Nature stands as the earliest form of inspiration and natural components found within became the tools of early artistic creation. In the ages since and amidst developments and extinctions, loss and discovery, artists continue to be inspired by the wonders of the natural world. And from their imaginations to their mediums, the art world is richer for it. The following six pieces were all seen during Miami Art Week, across multiple fairs and exhibitions, and each work subverts either the source of inspiration (like marijuana or birch) or their source material (like bird feathers, flowers and poppy pods).
While resembling the small, nuanced growth of birch tree, Eric Serritella‘s “Swinging Birch Teapot” (2015) is actually a hand-carved trompe l’oeil sculpture. Seen at the Jason Jacques Gallery installation during Design Miami, the illusion of birch is subverted the source material and its accompanying fragility. Together, it’s a wondrous (usable) piece made in the Chinese tradition of Yixing.
An assortment of tempura fried flowers are beautifully arranged on Plexiglas in “Life Serves Up the Occasional Pink Unicorn” (2013) by New York-based Korean artist Anicka Yi—evoking, to us, the pastime of pressing flowers into scrapbooks. Behind the large clear sheets, silver dumbbells rest on their individual stainless steel shelves. Created for her 2013 solo show “Death” at Cleveland Museum of Art, this piece juxtaposes the fragile and ephemeral (though coated with resin, the flowers will eventually rot over time inside the epoxy) with the hard, heavy and unchangeable. It’s on view through 28 May 2016 at the showcase “No Man’s Land,” featuring works from more than 100 female artists from the Rubell Family Collection.
Though not for the trypophobic, Mayme Kratz‘s “I Think I Grow Tensions 6” (2015) is a large-scale wonder of resin and poppy pods. Seen at Lisa Sette Gallery‘s Art Miami booth, the piece preserves the natural material’s shape, lending it asymmetrical structure within. The resin, however, attempts to subvert the fleeting life of flowers while also modifying its natural coloration. There’s something almost scientific to the piece, and yet it’s a powerful piece when seeing it in person.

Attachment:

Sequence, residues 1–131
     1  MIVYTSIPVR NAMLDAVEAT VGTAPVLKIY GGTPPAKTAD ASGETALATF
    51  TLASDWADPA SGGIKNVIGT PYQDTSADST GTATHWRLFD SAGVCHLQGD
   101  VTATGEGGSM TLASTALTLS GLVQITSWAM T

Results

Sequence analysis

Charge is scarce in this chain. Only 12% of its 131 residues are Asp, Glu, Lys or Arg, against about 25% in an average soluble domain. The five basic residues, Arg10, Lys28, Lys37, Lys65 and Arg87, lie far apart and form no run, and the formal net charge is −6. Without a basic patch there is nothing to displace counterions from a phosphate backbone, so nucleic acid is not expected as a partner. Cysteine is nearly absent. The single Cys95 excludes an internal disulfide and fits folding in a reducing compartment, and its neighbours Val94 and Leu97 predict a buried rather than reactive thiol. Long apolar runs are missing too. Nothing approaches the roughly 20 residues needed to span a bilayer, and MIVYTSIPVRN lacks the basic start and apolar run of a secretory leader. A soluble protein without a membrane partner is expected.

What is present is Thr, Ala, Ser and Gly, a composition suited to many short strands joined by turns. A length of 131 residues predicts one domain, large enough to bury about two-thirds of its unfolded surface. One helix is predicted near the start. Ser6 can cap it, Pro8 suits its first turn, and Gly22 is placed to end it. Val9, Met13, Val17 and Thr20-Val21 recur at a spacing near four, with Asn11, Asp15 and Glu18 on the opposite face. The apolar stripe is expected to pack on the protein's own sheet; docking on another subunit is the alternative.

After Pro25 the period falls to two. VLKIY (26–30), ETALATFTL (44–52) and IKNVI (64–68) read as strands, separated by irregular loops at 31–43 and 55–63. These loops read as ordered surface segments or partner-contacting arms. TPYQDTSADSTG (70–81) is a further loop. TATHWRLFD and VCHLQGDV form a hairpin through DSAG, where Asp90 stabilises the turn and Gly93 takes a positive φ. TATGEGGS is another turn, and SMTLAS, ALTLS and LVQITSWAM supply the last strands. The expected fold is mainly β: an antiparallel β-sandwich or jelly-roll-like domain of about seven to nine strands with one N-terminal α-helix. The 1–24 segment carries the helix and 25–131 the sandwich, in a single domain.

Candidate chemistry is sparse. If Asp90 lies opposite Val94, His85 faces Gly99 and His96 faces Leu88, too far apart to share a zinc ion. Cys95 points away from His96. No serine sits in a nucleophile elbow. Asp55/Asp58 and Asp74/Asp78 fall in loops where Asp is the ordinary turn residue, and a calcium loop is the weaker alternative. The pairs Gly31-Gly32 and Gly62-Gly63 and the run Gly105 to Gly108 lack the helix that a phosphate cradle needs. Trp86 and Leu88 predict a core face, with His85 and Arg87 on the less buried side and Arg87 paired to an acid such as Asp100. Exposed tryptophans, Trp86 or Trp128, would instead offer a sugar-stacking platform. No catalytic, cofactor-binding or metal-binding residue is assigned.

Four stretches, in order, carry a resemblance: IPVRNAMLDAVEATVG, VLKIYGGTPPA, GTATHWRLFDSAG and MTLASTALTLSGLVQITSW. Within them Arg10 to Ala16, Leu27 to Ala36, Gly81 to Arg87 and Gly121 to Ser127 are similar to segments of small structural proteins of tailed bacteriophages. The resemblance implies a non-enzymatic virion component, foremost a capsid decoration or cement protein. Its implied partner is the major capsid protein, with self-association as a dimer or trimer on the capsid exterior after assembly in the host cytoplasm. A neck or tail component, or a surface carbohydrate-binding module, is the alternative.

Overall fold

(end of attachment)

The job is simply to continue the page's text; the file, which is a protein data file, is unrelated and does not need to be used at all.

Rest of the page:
“Baby Ghettobird Tunic” (2006), seen at The Dean Collection + Bacardi’s
No Commission Art Fair (where artists received 100% of the sales made from the show), isn’t a fashion statement but a political one. The bubble jacket covered in feathers was made in three sizes, which range from toddler to a full-length one for adults. Raised in Los Angeles, Sanford Biggers recalled helicopters (aka “ghetto birds”) frequently patrolling specific neighborhoods; the tunic would camouflage and protect young black American men from the cops and allow them to survive to manhood.
Fur has long been stripped from animals to provide warmth and comfort to humans. At the NADA Art Fair, Estonia artist Kris Lemsalu complicates the emotions behind this process and practice with “Father is in Town” (2012). Seen within Temnikova & Kasela Gallery‘s set up, the sculpture has ceramics affixed to furs sprawled along the floor, united in a loving embrace, that bring bits of something even more animalistic back to the piece.
Curitiba, Brazil’s SIM Galeria presented only one piece at the Art Basel fair—though it was a composite of many individual works. Occupying an entire wall in their booth, Romy Pocztaruk‘s “Instalação Le Carnaval des Animaux” (2015) consists of a series of glass chemical beakers grouped in two and connected by a tunnel at the neck. Each tube functions as a tiny fish bowl and contains one Beta fish. In one tube, swims a male Beta. A female swims in the other. They are visible to one another, but unreachable. Oftentimes, when mating, female Beta fish die. Here, Pocztaruk address the idea of breeding and trying to co-opt that which is natural, while also demonstrating a desire to protect and preserve.
Images by Cool Hunting